Here we aimed to investigate by cytological, molecular and functional analyses of these PCC: 1) the presence of grade-dependent lipid storages in ccRCC cells; 2) the involvement of PPARa and/or its target CPT1 in these storages; 3) the effect of CPT1 inhibition by Etomoxir on ATP production and cell viability of ccRCC PCC.

Materials and Methods

PCC established from ccRCC and normal cortex tissue samples were characterized by FACS analysis (10). Functional enrichment analysis of KEGG and Reactome pathways was performed by Cytoscape ClueGO plug-in on transcriptome profiling of ccRCC PCC previously obtained (12). Neutral lipid storage in Fuhrman low- and high-grade tissues and corresponding PCC was evaluated by Oil Red “O” staining and lipid droplet marker PLIN2 expression evaluated by western blot. PPARa expression was evaluated by western blot. Inhibition of CPT1 activity was performed by treatment with 50 uM Etomoxir. ATP production and cell viability in untreated and treated cells were evaluated by a specific commercial kit and FACS analysis after Annexin V/PI staining, respectively.


The analysis performed on ccRCC PCC transcriptomic profiling evidenced a significant enrichment of several metabolic pathways mainly related to lipid metabolism and PPARa signaling. Notably, ccRCC cultures maintain at the first passage the lipid storages observed in corresponding tissues and, like in corresponding tissues, the lipid storages were also more abundant in low- (G1-G2) than in high-grade (G3-G4) ccRCC PCC. Moreover, PPARa protein expression was significantly increased in high-grade with respect to low-grade ccRCC PCC, as also described in corresponding tissues (13). Inhibition of CPT1 by Etomoxir induced a significant decrease of ATP production and cell viability only in high-grade ccRCC cells.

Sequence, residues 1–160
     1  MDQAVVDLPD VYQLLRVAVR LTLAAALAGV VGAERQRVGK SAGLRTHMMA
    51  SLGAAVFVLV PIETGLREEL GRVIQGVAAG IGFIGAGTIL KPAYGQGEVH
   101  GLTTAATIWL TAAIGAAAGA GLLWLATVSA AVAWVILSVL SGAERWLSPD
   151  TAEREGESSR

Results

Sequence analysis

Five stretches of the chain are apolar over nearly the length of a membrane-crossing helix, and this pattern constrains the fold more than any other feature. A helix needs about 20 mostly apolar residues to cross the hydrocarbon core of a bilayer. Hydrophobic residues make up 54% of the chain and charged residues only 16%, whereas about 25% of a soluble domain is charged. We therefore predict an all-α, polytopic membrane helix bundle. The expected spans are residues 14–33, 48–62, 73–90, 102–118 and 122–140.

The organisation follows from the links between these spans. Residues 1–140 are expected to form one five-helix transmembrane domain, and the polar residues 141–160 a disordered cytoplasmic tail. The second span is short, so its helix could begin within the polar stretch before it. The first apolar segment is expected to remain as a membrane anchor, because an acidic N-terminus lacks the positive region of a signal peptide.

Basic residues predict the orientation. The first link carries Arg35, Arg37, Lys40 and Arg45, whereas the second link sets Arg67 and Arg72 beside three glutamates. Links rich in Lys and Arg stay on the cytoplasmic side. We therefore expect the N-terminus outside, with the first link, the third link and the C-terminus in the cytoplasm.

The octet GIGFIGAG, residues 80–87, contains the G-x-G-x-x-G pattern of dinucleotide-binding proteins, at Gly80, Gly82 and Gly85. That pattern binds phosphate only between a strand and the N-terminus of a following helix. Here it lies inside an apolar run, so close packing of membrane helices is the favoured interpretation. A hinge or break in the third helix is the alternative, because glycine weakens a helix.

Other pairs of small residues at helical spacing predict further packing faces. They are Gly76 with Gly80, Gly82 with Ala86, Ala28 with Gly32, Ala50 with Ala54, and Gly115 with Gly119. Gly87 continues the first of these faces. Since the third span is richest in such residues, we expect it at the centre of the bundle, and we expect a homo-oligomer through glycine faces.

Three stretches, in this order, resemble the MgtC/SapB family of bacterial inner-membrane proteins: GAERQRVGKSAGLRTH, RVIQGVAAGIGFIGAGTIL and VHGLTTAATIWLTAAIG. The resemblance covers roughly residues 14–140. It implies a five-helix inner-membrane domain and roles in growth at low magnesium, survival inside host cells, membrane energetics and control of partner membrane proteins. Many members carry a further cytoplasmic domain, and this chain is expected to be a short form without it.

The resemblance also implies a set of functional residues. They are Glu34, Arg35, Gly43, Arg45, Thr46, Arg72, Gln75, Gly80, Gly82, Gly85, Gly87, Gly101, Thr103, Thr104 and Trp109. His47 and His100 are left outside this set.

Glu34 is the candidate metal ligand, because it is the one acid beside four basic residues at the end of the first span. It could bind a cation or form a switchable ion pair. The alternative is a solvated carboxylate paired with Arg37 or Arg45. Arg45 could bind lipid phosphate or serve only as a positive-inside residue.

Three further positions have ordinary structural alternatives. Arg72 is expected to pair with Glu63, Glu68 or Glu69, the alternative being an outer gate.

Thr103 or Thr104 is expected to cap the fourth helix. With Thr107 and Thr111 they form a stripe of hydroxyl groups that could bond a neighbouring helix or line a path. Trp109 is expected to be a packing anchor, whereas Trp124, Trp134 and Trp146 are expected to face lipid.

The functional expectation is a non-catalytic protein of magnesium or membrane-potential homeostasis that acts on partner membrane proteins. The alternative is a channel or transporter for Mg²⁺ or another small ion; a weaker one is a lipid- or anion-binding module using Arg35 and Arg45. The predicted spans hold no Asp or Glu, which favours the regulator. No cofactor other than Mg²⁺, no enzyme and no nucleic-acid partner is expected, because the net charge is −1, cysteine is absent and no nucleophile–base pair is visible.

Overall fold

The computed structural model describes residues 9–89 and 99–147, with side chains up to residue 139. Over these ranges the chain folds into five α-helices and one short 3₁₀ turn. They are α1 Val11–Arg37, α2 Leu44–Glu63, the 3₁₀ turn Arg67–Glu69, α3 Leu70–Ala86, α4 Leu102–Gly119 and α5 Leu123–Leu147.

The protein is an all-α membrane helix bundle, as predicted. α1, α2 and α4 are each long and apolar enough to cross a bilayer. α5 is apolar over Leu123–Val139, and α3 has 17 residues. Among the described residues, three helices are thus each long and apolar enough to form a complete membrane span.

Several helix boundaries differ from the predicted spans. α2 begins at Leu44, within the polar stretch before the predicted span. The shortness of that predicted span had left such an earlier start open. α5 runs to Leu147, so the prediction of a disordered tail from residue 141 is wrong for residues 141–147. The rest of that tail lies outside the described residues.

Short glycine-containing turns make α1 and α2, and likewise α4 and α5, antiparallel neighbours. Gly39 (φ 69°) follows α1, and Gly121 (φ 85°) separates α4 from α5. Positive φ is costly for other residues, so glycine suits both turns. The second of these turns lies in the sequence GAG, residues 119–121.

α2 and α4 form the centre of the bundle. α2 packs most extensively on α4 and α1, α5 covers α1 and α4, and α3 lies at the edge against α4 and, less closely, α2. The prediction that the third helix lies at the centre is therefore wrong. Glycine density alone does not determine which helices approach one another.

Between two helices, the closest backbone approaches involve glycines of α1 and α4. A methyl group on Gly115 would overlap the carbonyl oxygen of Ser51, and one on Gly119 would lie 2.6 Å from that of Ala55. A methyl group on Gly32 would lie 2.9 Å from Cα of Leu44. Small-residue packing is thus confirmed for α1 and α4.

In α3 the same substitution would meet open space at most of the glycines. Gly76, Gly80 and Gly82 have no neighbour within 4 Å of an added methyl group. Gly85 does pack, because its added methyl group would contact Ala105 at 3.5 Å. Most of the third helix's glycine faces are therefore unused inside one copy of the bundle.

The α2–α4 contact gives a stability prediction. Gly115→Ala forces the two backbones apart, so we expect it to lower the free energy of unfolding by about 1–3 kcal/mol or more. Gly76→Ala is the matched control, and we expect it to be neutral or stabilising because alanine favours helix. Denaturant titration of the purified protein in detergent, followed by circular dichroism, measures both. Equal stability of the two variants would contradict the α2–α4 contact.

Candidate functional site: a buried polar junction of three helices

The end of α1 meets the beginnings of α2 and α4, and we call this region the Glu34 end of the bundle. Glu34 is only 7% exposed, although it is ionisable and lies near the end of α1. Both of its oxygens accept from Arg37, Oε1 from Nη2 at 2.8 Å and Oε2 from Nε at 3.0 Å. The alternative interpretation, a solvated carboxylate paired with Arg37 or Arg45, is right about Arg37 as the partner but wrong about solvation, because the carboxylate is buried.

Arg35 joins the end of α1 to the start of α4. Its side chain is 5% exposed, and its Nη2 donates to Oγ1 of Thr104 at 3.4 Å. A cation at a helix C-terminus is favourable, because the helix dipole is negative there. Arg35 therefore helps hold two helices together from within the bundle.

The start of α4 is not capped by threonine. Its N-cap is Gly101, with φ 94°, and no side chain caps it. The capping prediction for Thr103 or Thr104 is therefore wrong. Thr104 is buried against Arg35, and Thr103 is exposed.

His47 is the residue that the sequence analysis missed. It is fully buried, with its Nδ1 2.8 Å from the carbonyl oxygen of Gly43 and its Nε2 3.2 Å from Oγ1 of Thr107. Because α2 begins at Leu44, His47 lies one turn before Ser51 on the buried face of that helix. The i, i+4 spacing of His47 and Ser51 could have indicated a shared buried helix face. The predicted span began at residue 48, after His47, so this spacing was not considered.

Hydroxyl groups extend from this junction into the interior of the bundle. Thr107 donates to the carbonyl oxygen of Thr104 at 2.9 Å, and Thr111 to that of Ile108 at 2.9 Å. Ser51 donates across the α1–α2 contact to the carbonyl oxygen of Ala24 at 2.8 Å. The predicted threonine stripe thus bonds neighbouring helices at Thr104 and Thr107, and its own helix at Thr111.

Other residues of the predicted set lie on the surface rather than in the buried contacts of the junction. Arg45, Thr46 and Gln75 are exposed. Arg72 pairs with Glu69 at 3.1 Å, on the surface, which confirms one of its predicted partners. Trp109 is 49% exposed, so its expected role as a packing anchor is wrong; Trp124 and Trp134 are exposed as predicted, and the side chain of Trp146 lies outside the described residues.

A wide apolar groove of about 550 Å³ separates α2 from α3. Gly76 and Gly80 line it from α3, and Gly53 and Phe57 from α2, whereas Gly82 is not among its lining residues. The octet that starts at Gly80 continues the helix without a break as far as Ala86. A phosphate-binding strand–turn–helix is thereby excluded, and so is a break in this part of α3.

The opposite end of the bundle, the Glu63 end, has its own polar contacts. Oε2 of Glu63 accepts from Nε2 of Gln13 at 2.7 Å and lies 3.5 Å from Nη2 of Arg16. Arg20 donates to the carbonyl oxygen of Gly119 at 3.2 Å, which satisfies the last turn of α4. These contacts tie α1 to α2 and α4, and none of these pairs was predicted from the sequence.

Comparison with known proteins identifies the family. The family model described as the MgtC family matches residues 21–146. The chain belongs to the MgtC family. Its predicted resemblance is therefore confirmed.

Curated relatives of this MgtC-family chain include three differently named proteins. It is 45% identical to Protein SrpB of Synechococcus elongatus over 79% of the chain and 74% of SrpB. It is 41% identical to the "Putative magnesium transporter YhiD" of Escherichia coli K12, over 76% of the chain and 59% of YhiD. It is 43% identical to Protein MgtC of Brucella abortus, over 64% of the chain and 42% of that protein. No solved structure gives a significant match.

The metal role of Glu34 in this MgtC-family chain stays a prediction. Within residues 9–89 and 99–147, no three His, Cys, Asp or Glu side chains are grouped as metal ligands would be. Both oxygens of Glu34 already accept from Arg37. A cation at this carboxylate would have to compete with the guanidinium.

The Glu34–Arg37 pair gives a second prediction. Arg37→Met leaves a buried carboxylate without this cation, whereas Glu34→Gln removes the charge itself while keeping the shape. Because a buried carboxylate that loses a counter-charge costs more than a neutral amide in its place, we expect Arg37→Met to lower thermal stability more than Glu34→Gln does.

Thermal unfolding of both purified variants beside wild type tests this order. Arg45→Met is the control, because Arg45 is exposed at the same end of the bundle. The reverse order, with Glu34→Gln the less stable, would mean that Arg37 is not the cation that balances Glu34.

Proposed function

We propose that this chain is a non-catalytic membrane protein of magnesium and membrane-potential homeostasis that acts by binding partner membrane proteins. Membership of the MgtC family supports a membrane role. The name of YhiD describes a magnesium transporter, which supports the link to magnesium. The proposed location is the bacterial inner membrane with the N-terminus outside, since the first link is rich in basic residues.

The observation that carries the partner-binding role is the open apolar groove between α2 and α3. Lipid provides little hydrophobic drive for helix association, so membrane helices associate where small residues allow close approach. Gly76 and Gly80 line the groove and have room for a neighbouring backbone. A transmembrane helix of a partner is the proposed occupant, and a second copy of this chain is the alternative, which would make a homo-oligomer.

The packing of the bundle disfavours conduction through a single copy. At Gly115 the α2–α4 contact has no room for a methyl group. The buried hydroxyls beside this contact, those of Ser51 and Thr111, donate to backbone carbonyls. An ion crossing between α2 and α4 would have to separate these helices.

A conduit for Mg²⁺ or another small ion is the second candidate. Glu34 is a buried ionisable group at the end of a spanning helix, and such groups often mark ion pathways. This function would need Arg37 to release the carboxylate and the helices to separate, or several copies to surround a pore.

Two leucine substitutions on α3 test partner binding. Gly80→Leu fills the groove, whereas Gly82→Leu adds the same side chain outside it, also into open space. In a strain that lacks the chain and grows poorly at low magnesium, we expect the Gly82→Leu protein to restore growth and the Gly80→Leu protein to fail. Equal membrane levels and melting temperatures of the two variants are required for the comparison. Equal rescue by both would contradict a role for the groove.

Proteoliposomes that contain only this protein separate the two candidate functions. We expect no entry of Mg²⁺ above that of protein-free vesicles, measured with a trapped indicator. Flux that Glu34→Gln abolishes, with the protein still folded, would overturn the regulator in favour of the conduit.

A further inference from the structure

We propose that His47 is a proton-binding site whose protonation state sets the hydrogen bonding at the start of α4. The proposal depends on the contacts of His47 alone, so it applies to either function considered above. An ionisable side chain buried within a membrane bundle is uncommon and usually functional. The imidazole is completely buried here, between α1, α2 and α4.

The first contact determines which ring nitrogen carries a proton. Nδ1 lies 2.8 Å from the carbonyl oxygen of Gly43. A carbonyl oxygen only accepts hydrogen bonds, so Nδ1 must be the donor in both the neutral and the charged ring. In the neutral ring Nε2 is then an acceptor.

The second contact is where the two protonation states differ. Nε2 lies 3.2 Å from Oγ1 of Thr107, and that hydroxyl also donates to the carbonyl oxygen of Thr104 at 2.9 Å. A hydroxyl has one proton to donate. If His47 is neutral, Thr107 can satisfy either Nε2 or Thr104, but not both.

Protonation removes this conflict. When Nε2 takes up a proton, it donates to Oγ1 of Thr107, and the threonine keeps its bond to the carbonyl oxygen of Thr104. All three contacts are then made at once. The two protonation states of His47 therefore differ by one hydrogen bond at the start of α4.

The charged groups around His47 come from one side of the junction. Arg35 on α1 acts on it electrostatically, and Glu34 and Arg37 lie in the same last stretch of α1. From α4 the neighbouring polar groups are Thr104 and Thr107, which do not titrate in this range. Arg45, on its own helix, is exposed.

Our data show that the PCC maintain the grade-dependent lipid storage of ccRCC tissues and this storage correlates with PPARaļ” expression. Because PPARa regulates fatty acid uptake into mitochondria through CPT1 gene transcription, the increased accumulation of lipids observed in low-grade ccRCC cells might be due to a decreased PPARa-dependent CPT1 expression, which evaluation is in progress. Moreover, the decrease of ATP production induced by CPT1 inhibition with Etomoxir and observed only in high-grade ccRCC cells suggests that PPARa, likely through CPT1 expression modulation, plays a role also in grade-dependent energy metabolism differences in ccRCC. The cytotoxic effect induced only in high-grade ccRCC cells by Etomoxir-dependent CPT1 inhibition also highlights the grade-dependent role of mitochondrial fatty acid uptake and/or metabolism in ccRCC viability and suggests the feasibility of a grade-specific therapeutic approach in ccRCC.


These ccRCC PCC, retaining also the metabolic features of corresponding tissues, are a useful tool to shed light on the complex molecular mechanisms involved in grade-dependent metabolic reprogramming and lipid storage of ccRCC. Moreover, the grade-dependent impact of lipid metabolism inhibition on ccRCC cell viability suggests the feasibility of a grade-specific metabolic targeted therapy in ccRCC.